“It's almost like you’re walking into Google’s offices.”

The first-year trainee salary is £27,000, which led to multiple sources piping up that they “wouldn’t mind a little bit more money.” The firm doesn’t offer bonuses, which one insider explained “is a bit of a sore subject.” However, another pointed out that “it’s a compromise for the fact we don't have a ‘dog eat dog’ mentality” and harsh hours targets. Another trainee added: “We’re growing and progressing at such a rapid rate, taking on newer and bigger clients and getting better work. The firm pays rates that were competitive with the firms it was competing with four years ago, but we’re up against bigger players now.

Shmoozin' and boozin'

Every partner I've worked with is approachable and I've never felt intimidated,” one trainee said, while another added: “One of the partners is almost like my mate. Relationships in each of the offices are really fluid.” A Birmingham-based source pointed out: “The firm is open-plan and has adopted agile working, which means we have no fixed desks and move seats every day. There is a bit of a joke that the desks near the windows need to be kept free for the partners, but they laugh and encourage us to sit there.” On the topic of the firm’s revamped interiors, our interviewees unanimously voted Manchester the “trendiest office.” One source cooed: “It's almost like you’re walking into Google’s offices – we have plants growing out of the walls!” Foliage aside, each office is fully decked out with breakout areas, quiet rooms and a forum with sofas and TVs that trainees can lounge in with their laptops and headsets.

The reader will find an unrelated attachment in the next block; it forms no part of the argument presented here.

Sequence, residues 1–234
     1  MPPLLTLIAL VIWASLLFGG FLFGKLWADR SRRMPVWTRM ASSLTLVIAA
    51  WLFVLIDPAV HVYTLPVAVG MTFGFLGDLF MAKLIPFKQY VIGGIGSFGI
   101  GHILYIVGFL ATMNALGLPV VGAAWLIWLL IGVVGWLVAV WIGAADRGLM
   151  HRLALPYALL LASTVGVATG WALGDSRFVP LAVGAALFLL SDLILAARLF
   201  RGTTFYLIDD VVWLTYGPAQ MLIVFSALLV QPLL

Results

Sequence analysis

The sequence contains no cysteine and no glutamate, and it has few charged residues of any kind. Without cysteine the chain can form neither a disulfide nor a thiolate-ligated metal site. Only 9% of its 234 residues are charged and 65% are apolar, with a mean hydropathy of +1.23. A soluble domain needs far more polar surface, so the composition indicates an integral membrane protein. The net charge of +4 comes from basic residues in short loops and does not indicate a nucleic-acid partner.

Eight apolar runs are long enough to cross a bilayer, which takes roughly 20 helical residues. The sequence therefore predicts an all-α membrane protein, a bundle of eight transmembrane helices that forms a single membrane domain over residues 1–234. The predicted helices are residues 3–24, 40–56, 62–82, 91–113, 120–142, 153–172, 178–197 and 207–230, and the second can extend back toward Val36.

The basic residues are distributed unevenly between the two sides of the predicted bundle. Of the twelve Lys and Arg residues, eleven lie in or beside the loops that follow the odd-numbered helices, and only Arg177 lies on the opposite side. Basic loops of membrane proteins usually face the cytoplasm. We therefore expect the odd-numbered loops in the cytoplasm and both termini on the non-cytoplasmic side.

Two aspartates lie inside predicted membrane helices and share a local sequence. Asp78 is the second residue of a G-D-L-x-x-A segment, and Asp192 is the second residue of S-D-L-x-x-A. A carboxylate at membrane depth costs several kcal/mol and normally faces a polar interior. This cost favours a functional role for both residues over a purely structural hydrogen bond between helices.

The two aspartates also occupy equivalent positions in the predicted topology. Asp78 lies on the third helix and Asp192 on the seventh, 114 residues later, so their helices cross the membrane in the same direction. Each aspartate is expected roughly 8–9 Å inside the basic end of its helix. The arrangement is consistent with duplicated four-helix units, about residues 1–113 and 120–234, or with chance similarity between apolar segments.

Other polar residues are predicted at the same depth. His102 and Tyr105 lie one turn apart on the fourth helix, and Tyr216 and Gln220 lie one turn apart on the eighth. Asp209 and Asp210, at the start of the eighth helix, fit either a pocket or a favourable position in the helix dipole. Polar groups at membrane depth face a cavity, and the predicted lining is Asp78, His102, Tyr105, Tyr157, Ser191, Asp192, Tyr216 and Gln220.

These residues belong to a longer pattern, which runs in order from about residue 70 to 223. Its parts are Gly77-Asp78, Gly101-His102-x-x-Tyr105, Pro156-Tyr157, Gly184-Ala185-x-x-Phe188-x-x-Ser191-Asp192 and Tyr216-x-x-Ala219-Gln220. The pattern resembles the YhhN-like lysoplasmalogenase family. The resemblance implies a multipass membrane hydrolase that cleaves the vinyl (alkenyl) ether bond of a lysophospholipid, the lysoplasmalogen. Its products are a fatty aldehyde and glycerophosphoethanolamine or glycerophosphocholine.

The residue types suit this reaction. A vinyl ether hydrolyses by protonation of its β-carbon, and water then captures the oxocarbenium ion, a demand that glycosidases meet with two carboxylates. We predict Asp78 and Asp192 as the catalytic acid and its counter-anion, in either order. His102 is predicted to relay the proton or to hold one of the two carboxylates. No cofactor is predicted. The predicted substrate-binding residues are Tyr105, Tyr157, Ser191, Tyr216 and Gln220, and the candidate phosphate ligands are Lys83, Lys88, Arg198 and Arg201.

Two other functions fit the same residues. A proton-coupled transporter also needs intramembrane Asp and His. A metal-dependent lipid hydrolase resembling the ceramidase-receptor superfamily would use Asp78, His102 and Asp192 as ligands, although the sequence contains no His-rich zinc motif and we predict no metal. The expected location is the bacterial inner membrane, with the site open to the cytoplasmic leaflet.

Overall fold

Each office has its own social and charity committee that hosts events throughout the year. “Sometimes we have an office get-together in a boardroom," a trainee told us. "We've actually got a pizza and prosecco event with the partners coming up.” In Southampton and Milton Keynes, there’s a “drive to increase the social life” which had previously been a bit lacking due to a lack of nearby public transport and culture of driving to work respectively. All the same: “We have indoor climbing events, dog walking events and monthly drinks to make up for that.

In Reading, one trainee revealed: “We're all really close, and we're going out for a cheeky Nandos tonight actually.” Other trainee favourites include “grubby pubs like The Three Guineas and Oakford Social Club which they’ve done up all funky now.” A Birmingham-based trainee shared that “every fortnight we have a drinks trolley that goes round with wine and prosecco – that's operated by the paralegals and trainees.” As for firm-wide dos, “there are a few occasions where all the trainees get together,” such as the Professional Skills Course that packs all newbies off to Birmingham for a weekit means you can make friends with people across the firm.